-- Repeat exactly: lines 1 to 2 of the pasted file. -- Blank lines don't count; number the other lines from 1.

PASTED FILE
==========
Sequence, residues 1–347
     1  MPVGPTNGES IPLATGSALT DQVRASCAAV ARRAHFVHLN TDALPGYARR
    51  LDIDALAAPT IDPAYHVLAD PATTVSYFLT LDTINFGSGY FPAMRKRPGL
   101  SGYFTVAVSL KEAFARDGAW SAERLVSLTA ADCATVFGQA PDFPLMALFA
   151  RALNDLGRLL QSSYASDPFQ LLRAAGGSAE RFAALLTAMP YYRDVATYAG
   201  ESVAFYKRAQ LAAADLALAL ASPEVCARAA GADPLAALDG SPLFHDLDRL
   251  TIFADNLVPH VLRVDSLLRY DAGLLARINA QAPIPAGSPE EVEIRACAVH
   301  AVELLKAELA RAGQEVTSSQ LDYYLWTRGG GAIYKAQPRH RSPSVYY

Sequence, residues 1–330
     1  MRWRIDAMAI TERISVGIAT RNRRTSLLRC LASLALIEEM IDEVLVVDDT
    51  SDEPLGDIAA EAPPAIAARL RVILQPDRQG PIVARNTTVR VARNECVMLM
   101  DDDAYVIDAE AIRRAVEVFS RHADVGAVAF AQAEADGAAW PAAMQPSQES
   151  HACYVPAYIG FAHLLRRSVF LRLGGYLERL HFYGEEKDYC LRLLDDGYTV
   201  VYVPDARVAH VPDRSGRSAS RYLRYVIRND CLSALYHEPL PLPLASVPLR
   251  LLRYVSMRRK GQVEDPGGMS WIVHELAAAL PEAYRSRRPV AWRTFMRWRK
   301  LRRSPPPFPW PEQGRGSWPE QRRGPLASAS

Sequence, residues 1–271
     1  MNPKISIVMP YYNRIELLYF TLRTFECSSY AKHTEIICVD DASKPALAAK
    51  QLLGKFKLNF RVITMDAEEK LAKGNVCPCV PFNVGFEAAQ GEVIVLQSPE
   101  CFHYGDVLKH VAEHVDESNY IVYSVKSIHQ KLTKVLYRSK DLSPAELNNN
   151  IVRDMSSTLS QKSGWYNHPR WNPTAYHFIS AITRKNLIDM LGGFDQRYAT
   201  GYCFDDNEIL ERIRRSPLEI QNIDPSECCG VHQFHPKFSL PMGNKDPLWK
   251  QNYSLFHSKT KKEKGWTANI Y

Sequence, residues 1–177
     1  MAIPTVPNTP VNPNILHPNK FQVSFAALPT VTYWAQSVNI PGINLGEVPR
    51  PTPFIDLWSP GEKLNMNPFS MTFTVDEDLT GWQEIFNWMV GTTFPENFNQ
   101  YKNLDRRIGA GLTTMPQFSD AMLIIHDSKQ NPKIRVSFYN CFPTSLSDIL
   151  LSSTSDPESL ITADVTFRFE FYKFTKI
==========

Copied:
Sequence, residues 1–347
     1  MPVGPTNGES IPLATGSALT DQVRASCAAV ARRAHFVHLN TDALPGYARR